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Report of Britons’ hacking of diplomats angers nations

South Africa and Turkey call for investigation

LONDON — A newspaper report that British eavesdropping agency GCHQ repeatedly hacked into foreign diplomats' phones and e-mails has prompted an angry response from traditional rival Russia and provoked demands for an investigation from Turkey and South Africa.

Although spying on diplomats is as old as diplomacy itself, the Guardian's report laid out in explicit detail steps taken by GCHQ to monitor foreign officials' conversations in real time, saying that British spies had hacked e-mails and stolen passwords and gone so far as to set up a bugged Internet cafe in an effort to get an edge in high-stakes negotiations.


The Guardian cited more than half a dozen internal government documents provided by former NSA contractor Edward Snowden as the basis for its reporting on GCHQ's intelligence operations.

The newspapers said those operations involved, among other things, hacking into the South African foreign ministry's computer network, targeting the Turkish delegation at the 2009 Group of 20 summit in London, and using the vast spying base at northern England's Menwith Hill to monitor the satellite communications of Russian leader Dmitry Medvedev.

Russians responded angrily.

''It's a scandal! The U.S. and British special services tapped [then-President Dmitry] Medvedev's phone at the 2009 G-20 summit. The U.S. denies it, but we can't trust them,'' Alexei Pushkov, the Kremlin-connected chief of foreign affairs committee in the lower house of Russian parliament, wrote on his Twitter feed Monday.

Turkey's Ministry of Foreign Affairs called the report alarming, saying in a statement that if the story was true ''this will evidently constitute a scandal.''

''Such [an] act by an allied country would clearly be deemed unacceptable,'' the statement went on. ''British authorities are expected to present an official and satisfactory explanation on this issue.''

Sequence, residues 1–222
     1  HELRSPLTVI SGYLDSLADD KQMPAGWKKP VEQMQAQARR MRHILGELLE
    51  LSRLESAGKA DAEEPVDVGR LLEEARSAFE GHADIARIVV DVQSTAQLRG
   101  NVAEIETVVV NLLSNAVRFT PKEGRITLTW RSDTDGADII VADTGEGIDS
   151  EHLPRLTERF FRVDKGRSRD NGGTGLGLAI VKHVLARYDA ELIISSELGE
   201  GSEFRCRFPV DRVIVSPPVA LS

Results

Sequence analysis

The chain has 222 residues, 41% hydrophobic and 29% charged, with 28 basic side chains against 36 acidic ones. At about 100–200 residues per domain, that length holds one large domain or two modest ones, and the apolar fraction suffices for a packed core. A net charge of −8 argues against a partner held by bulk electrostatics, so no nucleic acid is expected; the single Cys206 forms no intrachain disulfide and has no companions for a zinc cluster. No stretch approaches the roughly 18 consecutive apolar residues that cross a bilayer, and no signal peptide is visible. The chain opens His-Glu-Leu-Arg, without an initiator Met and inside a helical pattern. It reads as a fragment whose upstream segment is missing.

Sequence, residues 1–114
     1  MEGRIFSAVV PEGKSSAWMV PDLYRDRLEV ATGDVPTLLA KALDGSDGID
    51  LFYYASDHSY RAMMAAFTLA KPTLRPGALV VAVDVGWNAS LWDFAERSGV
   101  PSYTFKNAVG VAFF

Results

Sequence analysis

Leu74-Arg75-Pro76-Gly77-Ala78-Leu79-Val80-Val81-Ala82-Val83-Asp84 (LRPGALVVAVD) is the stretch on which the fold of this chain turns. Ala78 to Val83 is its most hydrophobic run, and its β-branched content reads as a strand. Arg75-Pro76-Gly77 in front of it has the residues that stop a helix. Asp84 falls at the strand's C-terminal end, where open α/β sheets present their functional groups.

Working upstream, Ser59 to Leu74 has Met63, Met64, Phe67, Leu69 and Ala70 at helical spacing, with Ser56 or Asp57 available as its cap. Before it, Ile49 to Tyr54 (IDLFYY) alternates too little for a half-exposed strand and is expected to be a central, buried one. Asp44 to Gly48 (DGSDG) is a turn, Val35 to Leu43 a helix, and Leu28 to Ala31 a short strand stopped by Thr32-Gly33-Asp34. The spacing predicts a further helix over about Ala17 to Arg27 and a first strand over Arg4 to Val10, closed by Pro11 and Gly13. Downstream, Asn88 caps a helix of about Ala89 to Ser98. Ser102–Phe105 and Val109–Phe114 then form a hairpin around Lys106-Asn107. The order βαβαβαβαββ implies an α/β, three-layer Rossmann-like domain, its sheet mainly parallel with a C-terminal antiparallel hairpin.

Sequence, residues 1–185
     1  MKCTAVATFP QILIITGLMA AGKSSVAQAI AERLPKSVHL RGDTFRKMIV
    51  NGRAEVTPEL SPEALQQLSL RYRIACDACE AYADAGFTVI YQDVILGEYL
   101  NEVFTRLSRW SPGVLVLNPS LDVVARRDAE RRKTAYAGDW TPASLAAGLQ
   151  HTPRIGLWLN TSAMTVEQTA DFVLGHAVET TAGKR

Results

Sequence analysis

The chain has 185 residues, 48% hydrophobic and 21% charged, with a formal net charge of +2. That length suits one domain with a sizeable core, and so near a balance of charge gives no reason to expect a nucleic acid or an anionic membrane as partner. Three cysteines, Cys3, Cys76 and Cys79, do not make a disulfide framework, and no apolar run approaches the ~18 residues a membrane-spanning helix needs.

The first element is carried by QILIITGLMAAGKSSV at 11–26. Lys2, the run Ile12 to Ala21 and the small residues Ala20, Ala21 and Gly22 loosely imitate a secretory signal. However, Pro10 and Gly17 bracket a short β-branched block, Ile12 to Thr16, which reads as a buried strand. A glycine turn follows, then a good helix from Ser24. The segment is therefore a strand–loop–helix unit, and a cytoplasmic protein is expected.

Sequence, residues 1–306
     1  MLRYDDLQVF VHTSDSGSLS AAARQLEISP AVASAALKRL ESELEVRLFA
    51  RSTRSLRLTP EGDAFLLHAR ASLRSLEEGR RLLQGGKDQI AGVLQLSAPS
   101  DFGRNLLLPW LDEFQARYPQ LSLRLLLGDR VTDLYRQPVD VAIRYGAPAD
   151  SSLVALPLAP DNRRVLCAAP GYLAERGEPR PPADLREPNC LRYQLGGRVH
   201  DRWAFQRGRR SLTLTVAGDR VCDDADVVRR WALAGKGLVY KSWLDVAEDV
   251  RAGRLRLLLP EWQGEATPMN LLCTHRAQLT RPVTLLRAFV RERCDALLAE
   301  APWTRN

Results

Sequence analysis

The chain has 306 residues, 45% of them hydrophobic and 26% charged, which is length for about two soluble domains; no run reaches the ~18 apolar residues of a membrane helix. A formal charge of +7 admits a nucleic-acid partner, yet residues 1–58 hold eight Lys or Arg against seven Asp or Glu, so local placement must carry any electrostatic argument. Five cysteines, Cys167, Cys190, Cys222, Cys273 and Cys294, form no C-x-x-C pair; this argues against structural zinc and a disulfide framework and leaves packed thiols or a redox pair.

South African diplomats said in a statement that they were concerned by the report, demanding that London ''investigate this matter fully.''


Experts say that while the expressions of shock may be spurious — it's widely known that all nearly all countries spy on one another — Britain's standing could nevertheless suffer real damage.

The report was awkwardly timed, coming as Britain opened the G-8 summit, a meeting of the world's leading economies that include Russia, in Northern Ireland on Monday. The allegation that the United Kingdom previously used its position as host to spy on its allies and other attendees could make for awkward conversation as the delegates tackle the issues of Syria, taxes and free trade.

''The diplomatic fallout from this could be considerable,'' according to British academic Richard J. Aldrich, whose book ''GCHQ'' charts the agency's history.

Speaking at the G-8 summit, Prime Minister David Cameron declined to address the issue.

''We never comment on security or intelligence issues and I am not about to start now,'' he said. ''I don't make comments on security or intelligence issues. That would be breaking something that no government has previously done.''

GCHQ also declined to comment on the report.

It wasn't completely clear how Snowden would have had access to the British intelligence documents, although in one article the Guardian mentions that source material was drawn from a top-secret internal network shared by GCHQ and the NSA. Aldrich said he wouldn't be surprised if the GCHQ material came from a shared network accessed by Snowden.